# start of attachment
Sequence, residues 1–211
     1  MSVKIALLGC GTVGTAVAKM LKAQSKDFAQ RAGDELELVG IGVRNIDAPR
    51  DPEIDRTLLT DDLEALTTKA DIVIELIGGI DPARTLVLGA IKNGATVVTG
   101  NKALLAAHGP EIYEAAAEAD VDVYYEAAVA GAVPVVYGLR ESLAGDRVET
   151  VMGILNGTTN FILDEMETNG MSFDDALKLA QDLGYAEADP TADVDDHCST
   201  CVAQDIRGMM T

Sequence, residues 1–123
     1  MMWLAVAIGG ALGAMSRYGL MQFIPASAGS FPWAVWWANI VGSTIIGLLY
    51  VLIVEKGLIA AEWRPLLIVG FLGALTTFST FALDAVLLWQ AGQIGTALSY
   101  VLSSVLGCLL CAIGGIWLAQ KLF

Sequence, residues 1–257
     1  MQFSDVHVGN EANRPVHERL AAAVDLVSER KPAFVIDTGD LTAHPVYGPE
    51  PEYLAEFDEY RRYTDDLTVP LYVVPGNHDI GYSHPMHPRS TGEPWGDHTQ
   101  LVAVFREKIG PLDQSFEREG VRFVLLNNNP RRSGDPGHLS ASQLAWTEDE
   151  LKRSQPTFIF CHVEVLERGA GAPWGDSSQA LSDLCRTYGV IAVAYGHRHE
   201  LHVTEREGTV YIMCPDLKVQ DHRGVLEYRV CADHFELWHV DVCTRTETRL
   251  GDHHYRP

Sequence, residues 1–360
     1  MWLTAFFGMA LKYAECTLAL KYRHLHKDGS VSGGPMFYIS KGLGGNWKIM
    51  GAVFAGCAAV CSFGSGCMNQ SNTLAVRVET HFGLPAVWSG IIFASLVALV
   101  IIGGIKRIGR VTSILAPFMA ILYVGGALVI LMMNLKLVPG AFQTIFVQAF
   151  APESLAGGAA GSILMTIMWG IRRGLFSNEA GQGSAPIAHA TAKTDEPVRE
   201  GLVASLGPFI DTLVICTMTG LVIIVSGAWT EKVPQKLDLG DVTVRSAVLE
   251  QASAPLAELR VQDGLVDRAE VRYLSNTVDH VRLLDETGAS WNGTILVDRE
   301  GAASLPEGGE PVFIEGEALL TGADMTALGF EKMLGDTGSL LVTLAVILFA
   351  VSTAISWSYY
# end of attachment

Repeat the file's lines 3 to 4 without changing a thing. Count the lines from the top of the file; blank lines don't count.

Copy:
    51  DPEIDRTLLT DDLEALTTKA DIVIELIGGI DPARTLVLGA IKNGATVVTG
   101  NKALLAAHGP EIYEAAAEAD VDVYYEAAVA GAVPVVYGLR ESLAGDRVET